Sluggish economic growth and lacklustre profitability will weaken credit conditions for most non-financial Indian companies in 2020, said rating agency Moody’s.
The credit profiles of rated firms are unlikely to improve significantly over FY21, due to elevated debt levels, weakening profitability and the continued economic slowdown. This puts pressure on both investment and consumption, said Kaustubh Chaubal, a Moody's Vice President and Senior Credit Officer.
Following Moody's change in outlook on India's sovereign rating to negative in November, 51 per cent of its 45 rated companies carry a negative outlook.
The conditions will remain stable for the infrastructure sector, supported by strong market positions. This will also be aided by long-term contracts with availability-linked revenue, where they get paid in full regardless of product demand as long as they can deliver the full contracted service, it said.
Moody's expects India's GDP growth to slow to 6.6 per cent in 2020, with limited prospects for government stimulus measures to improve credit conditions in the near term.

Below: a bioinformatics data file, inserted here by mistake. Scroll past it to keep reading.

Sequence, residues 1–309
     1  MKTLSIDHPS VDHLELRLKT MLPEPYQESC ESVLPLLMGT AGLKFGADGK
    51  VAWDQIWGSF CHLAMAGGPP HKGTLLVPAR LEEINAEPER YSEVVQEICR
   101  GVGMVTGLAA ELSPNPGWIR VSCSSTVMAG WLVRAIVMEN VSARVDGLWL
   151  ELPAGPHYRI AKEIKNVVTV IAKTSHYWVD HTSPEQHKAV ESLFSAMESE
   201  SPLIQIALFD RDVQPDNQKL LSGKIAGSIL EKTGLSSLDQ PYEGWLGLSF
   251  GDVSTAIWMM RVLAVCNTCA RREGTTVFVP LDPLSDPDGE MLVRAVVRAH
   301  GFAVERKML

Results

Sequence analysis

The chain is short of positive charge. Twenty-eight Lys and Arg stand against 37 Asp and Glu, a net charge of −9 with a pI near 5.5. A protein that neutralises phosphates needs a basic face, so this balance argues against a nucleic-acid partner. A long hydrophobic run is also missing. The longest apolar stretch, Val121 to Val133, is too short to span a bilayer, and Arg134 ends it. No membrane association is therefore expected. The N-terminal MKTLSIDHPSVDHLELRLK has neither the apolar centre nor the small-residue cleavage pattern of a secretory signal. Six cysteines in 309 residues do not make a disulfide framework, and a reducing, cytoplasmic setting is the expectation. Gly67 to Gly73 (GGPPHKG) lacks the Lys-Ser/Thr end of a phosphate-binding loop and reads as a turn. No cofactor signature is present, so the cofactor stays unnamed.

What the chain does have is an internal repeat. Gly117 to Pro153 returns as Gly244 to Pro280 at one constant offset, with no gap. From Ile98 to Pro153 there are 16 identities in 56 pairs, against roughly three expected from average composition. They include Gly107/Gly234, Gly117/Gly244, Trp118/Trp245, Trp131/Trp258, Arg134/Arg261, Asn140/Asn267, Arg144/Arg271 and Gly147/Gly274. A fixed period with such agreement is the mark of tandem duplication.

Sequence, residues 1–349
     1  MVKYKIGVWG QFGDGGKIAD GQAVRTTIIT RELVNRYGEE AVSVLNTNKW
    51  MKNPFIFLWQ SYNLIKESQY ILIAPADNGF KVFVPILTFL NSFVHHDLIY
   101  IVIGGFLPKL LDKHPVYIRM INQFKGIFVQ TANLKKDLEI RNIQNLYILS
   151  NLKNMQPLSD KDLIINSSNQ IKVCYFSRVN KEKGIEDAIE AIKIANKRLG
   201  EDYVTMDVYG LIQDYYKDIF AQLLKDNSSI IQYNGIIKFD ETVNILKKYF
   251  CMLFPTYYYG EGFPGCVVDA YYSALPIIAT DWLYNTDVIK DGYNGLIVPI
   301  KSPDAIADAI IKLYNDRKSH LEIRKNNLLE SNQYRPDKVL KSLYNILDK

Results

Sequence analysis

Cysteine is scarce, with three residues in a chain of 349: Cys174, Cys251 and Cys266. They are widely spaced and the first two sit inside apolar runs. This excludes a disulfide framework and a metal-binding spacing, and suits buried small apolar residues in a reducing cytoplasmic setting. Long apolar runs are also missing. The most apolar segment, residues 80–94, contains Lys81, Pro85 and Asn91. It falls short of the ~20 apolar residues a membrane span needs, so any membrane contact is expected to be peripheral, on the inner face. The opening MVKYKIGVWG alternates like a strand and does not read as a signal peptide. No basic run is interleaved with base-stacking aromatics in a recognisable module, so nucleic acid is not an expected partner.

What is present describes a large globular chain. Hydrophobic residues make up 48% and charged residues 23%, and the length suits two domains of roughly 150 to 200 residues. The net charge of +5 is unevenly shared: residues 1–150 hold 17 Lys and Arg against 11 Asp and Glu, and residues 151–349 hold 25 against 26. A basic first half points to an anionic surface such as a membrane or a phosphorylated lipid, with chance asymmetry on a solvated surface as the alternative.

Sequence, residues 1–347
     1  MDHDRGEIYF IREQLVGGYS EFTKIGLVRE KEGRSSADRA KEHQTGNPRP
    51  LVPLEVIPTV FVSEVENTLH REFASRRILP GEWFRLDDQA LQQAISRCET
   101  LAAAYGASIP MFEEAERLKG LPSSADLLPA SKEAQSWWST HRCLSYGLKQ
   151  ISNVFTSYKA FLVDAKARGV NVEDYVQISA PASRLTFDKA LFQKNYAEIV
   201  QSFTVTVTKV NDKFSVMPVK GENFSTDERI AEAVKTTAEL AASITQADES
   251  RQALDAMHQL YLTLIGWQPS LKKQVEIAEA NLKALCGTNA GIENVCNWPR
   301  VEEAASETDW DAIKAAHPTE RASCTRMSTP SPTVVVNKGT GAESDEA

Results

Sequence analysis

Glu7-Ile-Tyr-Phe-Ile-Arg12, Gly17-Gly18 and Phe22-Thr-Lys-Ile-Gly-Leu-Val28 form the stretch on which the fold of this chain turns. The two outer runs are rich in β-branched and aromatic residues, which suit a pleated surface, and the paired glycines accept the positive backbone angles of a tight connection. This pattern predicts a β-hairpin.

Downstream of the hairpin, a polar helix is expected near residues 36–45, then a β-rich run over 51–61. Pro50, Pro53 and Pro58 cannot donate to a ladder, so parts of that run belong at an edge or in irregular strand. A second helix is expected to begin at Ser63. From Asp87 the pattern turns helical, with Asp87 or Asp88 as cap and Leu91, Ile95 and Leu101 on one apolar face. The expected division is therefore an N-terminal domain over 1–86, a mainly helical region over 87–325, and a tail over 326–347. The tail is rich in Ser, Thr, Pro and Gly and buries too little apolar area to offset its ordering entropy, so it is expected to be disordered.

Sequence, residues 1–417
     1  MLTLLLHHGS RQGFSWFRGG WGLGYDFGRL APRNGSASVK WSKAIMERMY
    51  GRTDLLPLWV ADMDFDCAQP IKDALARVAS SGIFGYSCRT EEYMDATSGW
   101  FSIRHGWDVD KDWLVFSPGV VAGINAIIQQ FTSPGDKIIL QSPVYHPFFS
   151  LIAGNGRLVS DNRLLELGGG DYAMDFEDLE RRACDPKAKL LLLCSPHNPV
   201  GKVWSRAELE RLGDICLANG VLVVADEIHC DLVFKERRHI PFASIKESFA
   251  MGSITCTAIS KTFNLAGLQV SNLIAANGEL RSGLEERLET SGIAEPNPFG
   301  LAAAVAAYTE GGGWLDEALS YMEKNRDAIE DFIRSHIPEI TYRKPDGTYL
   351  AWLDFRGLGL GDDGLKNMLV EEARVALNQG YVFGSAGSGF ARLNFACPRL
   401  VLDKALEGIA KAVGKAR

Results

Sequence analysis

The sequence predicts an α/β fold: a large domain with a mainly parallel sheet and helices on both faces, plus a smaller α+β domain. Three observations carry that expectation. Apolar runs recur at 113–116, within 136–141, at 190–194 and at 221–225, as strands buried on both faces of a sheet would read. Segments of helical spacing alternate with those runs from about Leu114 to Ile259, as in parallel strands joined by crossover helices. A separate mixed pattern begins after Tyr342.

Funding conditions also remain tight, slowing demand for consumer goods and leaving banks selective in extending loans to companies.
The continued depreciation of the Indian Rupee against the US dollar meanwhile has limited negative credit implications for rated companies, as most have natural hedges in place.
Overall, refinancing risk for long-term debt maturities remains manageable for most rated companies, although they are reliant on continued annual rollovers of short-term working-capital financing.
Upside factors for Moody's outlook on India's non-financial companies include a ramp up of government's stimulus, better funding and market liquidity conditions whereby domestic demand and consumer funding both get a boost.
Industry outlooks reflect Moody's view of fundamental business conditions for an industry over the next 12-18 months. Since outlooks represent Moody's forward-looking view on business conditions that factor into its ratings, a negative (positive) outlook suggests that negative (positive) rating actions are more likely on average, it added.